Toby Oniyitan, CEO, and Ezra Averill, President of Stomp Down Entertainment sit at the helm of the new era of sound in Houston. Together, both create a localized effort to bring an acclaimed sound back to the Bayou City. After launching the successful careers of rappers Maxo Kream and Tay-K in Los Angeles, in April 2020, the pair decided to come back to their roots in Texas; outlining a vision to build Houston’s musical infrastructure. In an attempt to position Houston to stand alongside other major music hubs like Los Angeles, New York, and Atlanta.
While the two say their firm is “very much in its infancy,” and that the imprint has yet to reach its peak, they’ve made significant waves in the music industry. Stomp Down is the manifestation of the nation’s most diverse city. Artists under the umbrella have received national plaudits for their works, like Reggie’s latest with St. Louis artist Smino, “Avalanche” and flourishing young talent Monaleo’s “Beating Down Yo Block.”
“Houston being the cultural mecca of Texas, we figured our footprint—and our stomp—would be louder,” Averill shared a similar sentiment, being an Arlington native. “I came to Houston and I fell in love with it, because there are so many different worlds within Houston, and we’ve lived in so many different places and occupied all these spaces, so we want to bring all of that back here.”
As teenagers, the pair worked closely with friends and family members to get their first tastes of the music business. Oniyitan, a Nigerian-American Houston native, is a cousin of Alief emcee Maxo Kream, and Averill is a best friend of North Texas rapper Tay-K. The two connected to conceive Stomp Down because collectively, they fit together, like the missing pieces of the metaphorical puzzle of music industry success.
Oniyitan began to fully manage Maxo Kream in 2014, following the release of the Houston rapper’s 2013 effort, Quicc Strikes. On the other hand, Averill, now 20, who’s affinity for rap music precedes his age, recalls hosting concerts in Dallas as a teen, which eventually led to him managing Tay-K, and taking meetings in the bathroom in high school.
“I was 15 years old and I didn’t know what I was doing,” Averill recalls. “You can read as many books as you want, but nothing prepares you for those viral moments,” he says, reflecting on the meteoric rise of Tay-K’s 2017 platinum record, “The Race.” It’s a bombastic, police-taunting track that details the rapper’s violent past, and evading arrest. Tay-K was later sentenced in 2019 to 55 years in prison on a murder charge stemming from that incident. The duo’s decision to return to Houston comes after spending nearly two years in Los Angeles, independently managing artists, where their work quickly became a “mundane cycle of life,” according to Averill. The two were managing a plethora of artists, who—at the height of streaming—could go viral overnight, and labels were eager to sign them. “We were running around California, getting deals for artists, ” Oniyitan explains.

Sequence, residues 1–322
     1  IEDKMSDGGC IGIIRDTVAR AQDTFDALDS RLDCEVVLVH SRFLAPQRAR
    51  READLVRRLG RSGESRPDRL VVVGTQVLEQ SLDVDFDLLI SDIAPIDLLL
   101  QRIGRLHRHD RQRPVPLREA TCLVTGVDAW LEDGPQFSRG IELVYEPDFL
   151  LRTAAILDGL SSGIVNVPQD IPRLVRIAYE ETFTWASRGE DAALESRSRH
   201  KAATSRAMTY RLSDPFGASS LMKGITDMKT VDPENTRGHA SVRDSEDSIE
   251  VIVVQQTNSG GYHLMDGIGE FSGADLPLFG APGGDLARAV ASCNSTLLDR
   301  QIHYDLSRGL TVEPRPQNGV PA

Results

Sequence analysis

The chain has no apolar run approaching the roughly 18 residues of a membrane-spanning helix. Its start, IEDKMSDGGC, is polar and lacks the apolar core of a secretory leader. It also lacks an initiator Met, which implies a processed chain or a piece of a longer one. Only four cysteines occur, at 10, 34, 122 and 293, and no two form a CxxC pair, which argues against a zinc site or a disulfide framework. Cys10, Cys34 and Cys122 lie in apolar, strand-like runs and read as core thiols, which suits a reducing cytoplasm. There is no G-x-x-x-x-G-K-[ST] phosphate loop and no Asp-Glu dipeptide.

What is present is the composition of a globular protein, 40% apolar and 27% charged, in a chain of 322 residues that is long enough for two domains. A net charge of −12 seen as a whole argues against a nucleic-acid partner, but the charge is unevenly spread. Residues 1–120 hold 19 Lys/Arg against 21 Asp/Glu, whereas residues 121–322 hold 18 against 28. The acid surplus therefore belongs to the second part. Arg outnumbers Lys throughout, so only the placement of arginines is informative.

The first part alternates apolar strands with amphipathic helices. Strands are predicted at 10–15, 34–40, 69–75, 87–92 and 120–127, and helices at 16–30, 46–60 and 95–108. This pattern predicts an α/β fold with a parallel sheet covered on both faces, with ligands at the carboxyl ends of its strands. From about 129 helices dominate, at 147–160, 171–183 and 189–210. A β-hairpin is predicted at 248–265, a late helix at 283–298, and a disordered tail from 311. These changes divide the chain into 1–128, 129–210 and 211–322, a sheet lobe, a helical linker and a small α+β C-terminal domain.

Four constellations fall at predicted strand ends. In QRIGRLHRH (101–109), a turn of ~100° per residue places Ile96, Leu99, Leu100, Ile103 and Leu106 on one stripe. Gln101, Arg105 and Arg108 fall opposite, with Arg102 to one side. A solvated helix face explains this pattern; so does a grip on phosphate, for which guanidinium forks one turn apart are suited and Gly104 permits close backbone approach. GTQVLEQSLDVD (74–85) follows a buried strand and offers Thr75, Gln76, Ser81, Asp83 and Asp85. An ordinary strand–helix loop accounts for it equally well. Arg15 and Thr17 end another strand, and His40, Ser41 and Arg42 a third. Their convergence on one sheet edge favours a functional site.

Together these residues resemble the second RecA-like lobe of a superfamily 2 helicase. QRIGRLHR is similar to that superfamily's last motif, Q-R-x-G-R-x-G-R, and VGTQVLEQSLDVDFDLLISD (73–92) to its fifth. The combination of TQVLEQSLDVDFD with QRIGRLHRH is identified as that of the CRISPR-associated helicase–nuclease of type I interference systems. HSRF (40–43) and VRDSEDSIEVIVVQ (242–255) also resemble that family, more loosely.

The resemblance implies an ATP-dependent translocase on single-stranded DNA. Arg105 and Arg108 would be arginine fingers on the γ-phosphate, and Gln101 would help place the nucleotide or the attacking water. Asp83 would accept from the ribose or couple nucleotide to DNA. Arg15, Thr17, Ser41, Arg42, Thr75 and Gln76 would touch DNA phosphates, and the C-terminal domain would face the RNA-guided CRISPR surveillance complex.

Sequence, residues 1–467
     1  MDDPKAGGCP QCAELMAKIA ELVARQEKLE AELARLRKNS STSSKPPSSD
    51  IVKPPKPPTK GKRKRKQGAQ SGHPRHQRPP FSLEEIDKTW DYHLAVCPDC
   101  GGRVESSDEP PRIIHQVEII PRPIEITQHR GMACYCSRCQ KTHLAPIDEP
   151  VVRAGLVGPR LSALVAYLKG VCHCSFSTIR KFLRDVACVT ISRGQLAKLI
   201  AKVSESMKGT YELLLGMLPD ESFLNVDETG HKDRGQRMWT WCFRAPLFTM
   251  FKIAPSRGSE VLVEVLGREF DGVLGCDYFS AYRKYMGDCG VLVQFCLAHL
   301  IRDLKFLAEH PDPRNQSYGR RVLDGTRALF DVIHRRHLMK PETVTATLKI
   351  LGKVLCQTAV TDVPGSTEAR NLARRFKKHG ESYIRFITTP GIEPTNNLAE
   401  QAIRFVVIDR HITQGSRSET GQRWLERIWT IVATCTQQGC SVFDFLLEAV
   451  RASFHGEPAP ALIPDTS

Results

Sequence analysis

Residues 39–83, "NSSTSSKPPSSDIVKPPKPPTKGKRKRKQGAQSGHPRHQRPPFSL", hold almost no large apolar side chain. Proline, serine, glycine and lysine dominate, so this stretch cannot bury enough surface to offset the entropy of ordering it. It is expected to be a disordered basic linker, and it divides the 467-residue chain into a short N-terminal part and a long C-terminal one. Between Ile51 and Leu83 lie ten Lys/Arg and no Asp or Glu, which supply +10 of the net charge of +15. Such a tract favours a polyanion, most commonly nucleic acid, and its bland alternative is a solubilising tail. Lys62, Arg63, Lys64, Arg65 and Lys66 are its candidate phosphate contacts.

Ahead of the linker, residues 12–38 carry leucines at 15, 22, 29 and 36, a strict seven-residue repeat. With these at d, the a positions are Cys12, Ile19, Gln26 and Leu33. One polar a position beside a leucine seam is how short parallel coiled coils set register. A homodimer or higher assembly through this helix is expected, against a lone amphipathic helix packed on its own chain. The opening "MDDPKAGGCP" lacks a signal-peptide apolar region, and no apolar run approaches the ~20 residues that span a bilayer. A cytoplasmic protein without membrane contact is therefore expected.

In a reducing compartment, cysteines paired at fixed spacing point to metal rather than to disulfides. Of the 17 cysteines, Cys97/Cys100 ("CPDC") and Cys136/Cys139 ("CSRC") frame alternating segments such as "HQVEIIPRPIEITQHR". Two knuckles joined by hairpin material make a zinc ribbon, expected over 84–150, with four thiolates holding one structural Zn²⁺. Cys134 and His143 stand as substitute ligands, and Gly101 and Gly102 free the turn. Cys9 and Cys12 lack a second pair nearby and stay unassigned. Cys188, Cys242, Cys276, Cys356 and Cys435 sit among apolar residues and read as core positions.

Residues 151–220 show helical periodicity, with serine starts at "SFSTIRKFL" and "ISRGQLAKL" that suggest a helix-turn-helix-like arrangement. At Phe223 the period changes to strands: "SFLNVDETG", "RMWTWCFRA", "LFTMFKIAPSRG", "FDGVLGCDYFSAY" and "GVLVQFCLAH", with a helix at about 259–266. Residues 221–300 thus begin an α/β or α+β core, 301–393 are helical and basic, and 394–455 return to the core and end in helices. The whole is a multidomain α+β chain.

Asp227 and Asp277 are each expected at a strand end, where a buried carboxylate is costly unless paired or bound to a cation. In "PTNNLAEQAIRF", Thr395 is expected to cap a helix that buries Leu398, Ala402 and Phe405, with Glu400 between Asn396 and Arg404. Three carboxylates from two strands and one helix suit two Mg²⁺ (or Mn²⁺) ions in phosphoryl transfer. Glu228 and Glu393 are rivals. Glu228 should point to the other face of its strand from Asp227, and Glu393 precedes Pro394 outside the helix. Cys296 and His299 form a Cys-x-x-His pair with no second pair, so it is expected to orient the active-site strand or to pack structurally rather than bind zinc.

“I didn’t want our lives to become a rat race, so we decided to scale things back, and move more intentionally.” The two took time to reevaluate the work they were doing, shifted gears, and fixated on creating a lasting legacy more attuned to their roots.
The Stomp Down conglomerate is broken up into two parts—artist management and the music label. The multifaceted entertainment group was founded solely to manage artists, but quickly broadened its scope to pursue other entertainment-related ventures, such as movies, and even sports. “We come from the management world, but we approach all of our other ventures with that same managerial mindset,” Averill says.
The two work together to champion the street-certified sounds of Maxo Kream, the resurgence of punk rock with Fade Em All, and serve as managers for rising Houston stars Guapo, Reggie, and Monaleo. Filled with contrasting sounds with different motifs, the local camp aims for each of its artists to blaze their paths in music, while simultaneously carrying the Houston torch heralded by the legends before them like Pimp C, Bun B, and Slim Thug.
Their vision for the future is to expand their reach much further, but first they want to solidify where they stand in the rap game. “We’re focused on making Houston a mainstay in hip-hop again. We want Texas to be a permanent figure in music—touching all these different people and making an impact, leaving a legacy.”